• Investments in PPF, annuity, employee’s contribution to EPF, are tax deductible up to a maximum of Rs. 1,50,000 p.a.
  • In case of EPF, employer’s contribution over and above Rs. 7,50,000 in a financial year is taxable.
  • Employer’s contribution to NPS is deductible up to 10% of employee’s salary.
  • NPS contribution provide a further deduction of maximum Rs. 50,000 in respect of employees’/ subscriber’s contribution.
  • For self-employed persons, 20% of gross total income up to a maximum of Rs. 2,00,000 is tax deductible.
  1. Vesting stage
  • Interest accrued on PPF and amount received after the lock-in period of 15 years are tax-free.
  • Withdrawal from the NPS account post retirement is tax-free. However, only 60% can be withdrawn post retirement. Remaining 40% needs to be kept as the corpus to ensure that regular pension can be received from the scheme.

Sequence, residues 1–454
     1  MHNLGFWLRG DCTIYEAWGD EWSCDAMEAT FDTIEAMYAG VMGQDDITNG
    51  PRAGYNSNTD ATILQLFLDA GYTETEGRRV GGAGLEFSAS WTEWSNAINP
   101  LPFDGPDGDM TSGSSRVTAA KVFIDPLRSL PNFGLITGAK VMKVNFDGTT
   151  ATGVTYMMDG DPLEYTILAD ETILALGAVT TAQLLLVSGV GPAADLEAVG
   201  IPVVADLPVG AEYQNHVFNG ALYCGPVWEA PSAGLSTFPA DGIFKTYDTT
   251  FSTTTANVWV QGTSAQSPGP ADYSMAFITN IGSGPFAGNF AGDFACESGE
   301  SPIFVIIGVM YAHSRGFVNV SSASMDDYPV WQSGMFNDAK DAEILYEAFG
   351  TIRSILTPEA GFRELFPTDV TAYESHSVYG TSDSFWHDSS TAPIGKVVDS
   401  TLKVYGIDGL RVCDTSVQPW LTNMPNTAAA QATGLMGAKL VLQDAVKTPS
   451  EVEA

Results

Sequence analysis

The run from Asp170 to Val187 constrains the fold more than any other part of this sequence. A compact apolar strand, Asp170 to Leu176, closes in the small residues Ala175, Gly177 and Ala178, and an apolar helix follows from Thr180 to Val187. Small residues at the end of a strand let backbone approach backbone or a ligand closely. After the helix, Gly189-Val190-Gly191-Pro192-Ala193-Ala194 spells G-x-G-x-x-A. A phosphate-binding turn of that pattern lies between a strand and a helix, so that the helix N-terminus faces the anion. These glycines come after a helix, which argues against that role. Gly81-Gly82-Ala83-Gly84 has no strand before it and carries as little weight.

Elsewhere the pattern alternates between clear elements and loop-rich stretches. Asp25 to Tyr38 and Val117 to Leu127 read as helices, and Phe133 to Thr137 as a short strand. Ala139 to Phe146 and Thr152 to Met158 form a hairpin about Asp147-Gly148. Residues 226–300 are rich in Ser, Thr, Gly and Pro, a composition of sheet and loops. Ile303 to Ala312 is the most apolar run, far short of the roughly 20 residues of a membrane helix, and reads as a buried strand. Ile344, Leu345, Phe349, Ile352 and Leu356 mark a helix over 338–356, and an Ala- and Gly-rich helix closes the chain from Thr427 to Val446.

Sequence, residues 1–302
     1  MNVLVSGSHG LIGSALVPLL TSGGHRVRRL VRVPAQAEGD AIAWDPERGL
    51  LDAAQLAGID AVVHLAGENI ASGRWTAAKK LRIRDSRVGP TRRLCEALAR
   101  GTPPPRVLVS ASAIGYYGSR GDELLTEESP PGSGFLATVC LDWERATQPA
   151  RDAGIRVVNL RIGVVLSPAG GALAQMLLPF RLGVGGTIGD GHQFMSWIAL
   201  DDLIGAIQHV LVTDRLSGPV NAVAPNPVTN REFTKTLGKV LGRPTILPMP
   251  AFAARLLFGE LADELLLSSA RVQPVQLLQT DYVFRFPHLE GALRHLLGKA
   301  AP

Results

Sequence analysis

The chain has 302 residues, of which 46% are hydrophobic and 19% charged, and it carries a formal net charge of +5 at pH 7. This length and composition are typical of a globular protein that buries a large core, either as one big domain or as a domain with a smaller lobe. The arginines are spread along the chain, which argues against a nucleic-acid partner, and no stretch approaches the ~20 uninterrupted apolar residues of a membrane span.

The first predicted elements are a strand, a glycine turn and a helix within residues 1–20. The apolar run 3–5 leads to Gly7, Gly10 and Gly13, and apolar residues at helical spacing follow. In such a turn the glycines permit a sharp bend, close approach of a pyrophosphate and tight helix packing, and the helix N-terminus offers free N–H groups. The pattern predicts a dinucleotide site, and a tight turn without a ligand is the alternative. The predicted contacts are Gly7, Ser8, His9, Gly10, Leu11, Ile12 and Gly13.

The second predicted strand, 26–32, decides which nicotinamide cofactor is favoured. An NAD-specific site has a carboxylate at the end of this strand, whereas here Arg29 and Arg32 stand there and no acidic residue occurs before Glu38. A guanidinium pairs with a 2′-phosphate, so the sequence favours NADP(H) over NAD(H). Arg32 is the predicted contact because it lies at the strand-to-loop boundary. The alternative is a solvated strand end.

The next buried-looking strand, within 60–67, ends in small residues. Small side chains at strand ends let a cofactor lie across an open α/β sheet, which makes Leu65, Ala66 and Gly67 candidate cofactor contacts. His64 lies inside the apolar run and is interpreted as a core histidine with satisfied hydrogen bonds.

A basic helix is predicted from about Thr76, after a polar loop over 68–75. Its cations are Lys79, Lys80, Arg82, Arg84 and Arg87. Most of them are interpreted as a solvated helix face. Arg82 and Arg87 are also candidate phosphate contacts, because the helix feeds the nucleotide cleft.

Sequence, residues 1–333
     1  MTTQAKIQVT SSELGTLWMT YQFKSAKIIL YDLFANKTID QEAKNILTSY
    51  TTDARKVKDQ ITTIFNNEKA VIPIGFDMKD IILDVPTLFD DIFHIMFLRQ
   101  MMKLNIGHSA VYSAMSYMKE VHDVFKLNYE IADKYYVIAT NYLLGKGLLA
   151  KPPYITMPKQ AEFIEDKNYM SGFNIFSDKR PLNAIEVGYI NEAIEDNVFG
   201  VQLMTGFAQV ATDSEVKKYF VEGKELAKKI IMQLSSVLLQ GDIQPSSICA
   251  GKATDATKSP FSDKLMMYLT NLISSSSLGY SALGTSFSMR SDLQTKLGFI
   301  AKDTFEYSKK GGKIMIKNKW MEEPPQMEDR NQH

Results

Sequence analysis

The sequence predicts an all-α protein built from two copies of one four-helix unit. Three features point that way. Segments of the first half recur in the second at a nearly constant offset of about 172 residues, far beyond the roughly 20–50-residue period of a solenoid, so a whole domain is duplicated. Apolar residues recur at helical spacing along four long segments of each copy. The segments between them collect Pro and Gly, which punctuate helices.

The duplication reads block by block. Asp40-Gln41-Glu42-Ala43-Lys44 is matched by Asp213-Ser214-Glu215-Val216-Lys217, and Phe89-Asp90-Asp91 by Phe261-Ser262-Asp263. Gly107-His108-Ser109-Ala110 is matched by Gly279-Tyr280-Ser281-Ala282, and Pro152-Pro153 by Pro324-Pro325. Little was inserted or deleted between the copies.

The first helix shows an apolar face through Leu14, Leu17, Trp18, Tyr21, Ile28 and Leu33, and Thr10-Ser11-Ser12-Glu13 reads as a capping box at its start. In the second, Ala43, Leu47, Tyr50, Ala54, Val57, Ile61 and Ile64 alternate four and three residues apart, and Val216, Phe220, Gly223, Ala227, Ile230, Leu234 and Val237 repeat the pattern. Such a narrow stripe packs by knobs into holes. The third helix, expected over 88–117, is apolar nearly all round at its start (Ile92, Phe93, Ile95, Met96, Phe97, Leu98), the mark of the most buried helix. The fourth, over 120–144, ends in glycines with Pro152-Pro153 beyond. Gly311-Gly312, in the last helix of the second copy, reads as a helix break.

• Lump sum amount received from EPF on retirement is exempt from taxation.
  • The annuity payment post retirement is taxable.

Conclusion

Retirement planning is one of the crucial aspects of financial planning. Successful retirement planning should strike a balance between realistic return expectations and the desired standard of living. One should try to build a flexible portfolio that will help to lead a peaceful and worry-free retirement. As per the CRISIL report published in March 2019, pension penetration in India is estimated to be substantially low at a meagre 24% of the population above retirement age, compared to over 70% for other Asian peers like Japan, China and the Republic of Korea, which implies that not many people radically plan for their retirement and are still dependent on their immediate family for post-retirement monetary needs. It is pertinent on the part of the Governments as well as private stakeholders like employers, to generate more awareness towards the necessity of proper retirement planning that will help people viably secure their future.

By Sundara Rajan TK, Partner at DVS Advisors LLP.